Life of Marie Curie

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Marie Curie(1867-1934) was a French physicist with many accomplishmentsin both physics and chemistry. Marie and her husband Pierre, who was also aFrench physicist, are both famous for their work in radioactivity.

Marie Curie, originally named Marja Sklodowska, was born in Warsaw,Poland on Nov.7, 1867. Her first learning of physics came from her father whotaught it in high school. Marie’s father must have taught his daughter wellbecause in 1891, she went to Paris(where she changed her original name) andenrolled in the Sorbonne. Then two years later she passed the Examination forher physics degree ranking in first place. She met Pierre Curie in 1894, andmarried him in the next year. Marie subsequently gave birth to two daughtersIrene(1897) and Eve(1904).

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Pierre Curie(1859-1906) obtained his doctorate in the year of hismarriage, but had already distinguished himself in the study of the propertiesof crystals. He discovered the phenomenon of piezoelectricity, whereby changesin the volume of certain crystals excite small electric potentials. Hediscovered that the magnetic susceptibility of paramagnetic materials isinversely proportional to the absolute temperature, and that there exists acritical temperature above which the magnetic properties disappear, this iscalled the Curie temperature.

Marie Curie was interested in the recent discoveries of radiation, whichwere made by Wilhelm Roentgen on the discovery of X-rays in 1895, and by HenriBecquerel in 1896, when he discovered uranium gives off similar invisibleradiation as the X-rays. Curie thus began studying uranium radiation and madeit her doctoral thesis. With the aid of an electrometer built by Pierre, Mariemeasured the strength of the radiation emitted form uranium compounds and foundit proportional to the uranium content, constant over a long period of time andinfluenced by external conditions. She detected a similar immutable radiationin the compounds of thorium. While checking these results, she made thediscovery that uranium pitchblende and the mineral chalcolite emitted four timesas much radiation as their uranium content. She realized that unknown elements,even more radioactive then uranium must be present. Then in 1898 she drew therevolutionary conclusion that pitchblende contains a small amount of an unknownradiating element.

Pierre Curie understood the importance of this supposition and joinedhis wife’s work. In the next year, the Curie’s discovered two new radiatingelements which they named Polonium(after Maries native country) and Radium.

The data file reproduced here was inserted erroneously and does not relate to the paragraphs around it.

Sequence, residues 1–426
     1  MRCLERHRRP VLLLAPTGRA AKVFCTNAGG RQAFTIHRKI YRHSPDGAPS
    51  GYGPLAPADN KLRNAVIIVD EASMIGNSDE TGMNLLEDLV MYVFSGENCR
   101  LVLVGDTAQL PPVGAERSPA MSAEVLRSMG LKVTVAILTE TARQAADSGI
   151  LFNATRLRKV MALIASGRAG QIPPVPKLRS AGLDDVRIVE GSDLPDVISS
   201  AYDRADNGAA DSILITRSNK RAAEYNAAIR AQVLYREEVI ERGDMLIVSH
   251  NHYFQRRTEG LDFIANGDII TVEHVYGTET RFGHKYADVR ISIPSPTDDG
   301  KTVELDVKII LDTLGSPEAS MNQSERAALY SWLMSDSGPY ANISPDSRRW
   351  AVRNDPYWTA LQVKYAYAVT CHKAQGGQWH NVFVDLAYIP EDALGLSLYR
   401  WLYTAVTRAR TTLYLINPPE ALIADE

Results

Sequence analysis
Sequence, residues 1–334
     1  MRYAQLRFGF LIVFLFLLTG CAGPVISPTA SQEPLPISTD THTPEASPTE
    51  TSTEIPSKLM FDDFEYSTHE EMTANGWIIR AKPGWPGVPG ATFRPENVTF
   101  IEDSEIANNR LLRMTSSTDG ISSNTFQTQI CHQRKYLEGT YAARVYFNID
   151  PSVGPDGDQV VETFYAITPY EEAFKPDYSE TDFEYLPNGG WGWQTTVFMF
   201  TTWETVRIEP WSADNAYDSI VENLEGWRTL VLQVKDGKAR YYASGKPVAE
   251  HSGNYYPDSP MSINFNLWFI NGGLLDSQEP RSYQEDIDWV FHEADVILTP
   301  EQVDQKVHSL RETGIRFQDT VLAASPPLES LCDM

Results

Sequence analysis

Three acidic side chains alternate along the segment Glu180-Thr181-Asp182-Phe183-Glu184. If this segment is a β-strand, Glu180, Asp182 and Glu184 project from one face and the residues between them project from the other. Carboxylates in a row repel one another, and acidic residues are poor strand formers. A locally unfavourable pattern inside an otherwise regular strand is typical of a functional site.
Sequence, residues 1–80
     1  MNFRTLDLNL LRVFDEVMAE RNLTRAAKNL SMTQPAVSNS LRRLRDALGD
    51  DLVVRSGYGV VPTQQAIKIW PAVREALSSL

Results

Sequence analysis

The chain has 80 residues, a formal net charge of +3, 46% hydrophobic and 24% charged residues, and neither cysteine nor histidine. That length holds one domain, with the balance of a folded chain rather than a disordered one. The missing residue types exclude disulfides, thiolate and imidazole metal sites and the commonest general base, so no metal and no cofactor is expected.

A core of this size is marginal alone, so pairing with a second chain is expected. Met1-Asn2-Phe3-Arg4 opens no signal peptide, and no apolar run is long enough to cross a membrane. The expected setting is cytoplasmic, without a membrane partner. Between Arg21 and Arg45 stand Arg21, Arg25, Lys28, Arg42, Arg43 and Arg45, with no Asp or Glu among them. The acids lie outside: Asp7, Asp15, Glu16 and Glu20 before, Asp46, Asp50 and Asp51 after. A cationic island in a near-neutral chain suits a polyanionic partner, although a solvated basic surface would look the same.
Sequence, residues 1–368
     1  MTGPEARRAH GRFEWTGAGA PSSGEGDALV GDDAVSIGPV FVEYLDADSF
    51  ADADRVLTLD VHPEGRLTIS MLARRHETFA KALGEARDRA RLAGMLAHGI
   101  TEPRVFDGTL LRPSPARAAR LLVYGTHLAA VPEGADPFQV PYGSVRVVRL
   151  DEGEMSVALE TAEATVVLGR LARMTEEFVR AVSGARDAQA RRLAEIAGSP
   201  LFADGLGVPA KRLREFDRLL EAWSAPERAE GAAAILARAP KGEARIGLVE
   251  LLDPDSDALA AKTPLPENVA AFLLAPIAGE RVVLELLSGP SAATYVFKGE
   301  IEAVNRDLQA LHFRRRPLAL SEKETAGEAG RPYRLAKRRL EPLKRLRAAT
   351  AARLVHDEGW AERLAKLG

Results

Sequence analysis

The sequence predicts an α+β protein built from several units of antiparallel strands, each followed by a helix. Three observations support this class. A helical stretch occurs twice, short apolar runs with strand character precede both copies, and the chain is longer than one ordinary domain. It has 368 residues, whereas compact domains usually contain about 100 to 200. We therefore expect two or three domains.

They now began the tedious and monumental task of isolating these elements sothat their chemical properties could be determined. During the next four years,working in a leaky wooden shed, they processed a ton of pitchblende, laboriouslyisolating from it a fraction of a gram of radium.

In 1903, Marie Curie obtained her doctorate for a thesis on radioactivesubstances, and with her husband and Henri Becquerel she won the Nobel Prize forphysics for the joint discovery of radioactivity. Finally, the Curies financialaspect was relieved, and the following year Pierre was made the professor at theSorbonne, and Marie the assistant. Everything was going well for the Curies,but then Pierre was run over by a horse drawn cart and killed. Marie was deeplyaffected by his death and overcame this blow only by putting all her energy intoher scientific work that they had begun together.

Marie took over her husband’s post at the Sorbonne, thus making her thefirst female lecturer at the Sorbonne, and in 1908 she was appointed theprofessor. In 1911 she received an unprecedented second Nobel prize, this timein chemistry for her work on radium and it’s compound.

During World War I, Madame Curie dedicated herself entirely to thedevelopment of the use of X-rays in medicine. In 1918 she became head of theParis Institute of Radium, were her daughter Irene Joliot-Curie worked with herhusband Fredric Joliet. Her research for the rest of her life was dedicated tothe chemistry of radioactive materials and their medical applications. Shelabored to establish international scholarships and lectured abroad. MarieCurie died on July 4, 1934 of Leukemia, which was undoubtedly caused byprolonged exposure to radiation. A year later Irene and Fredric won the Nobelprize in chemistry for the synthesis of new radioactive elements.


Polonium is a rare metallic element, which naturally occurs in uranium orepitchblende. But most commonly is made artificially by bombarding bismuth( abrittle metal) with neutrons. It is used chiefly by scientists for nuclearresearch.

Radium is a highly radioactive metallic element. It occurs mostly in thoriumores and uranium. It was discovered by the Curies while processing pitchblende.

Until mid-1950’s radium was only used for treating cancer and an ingredient influorescent paint used for watch and instrument dials. Today safer and cheapersources of radiation have replaced radium for most industrial and medical uses.


The work of the Curies, which by its nature dealt with changes in theatomic nucleus, led the way toward modern understanding of the atom as an entitythat can be split to release enormous amounts of energy. With these discoverieswe have been able to actually put to use the elements in our everyday life.

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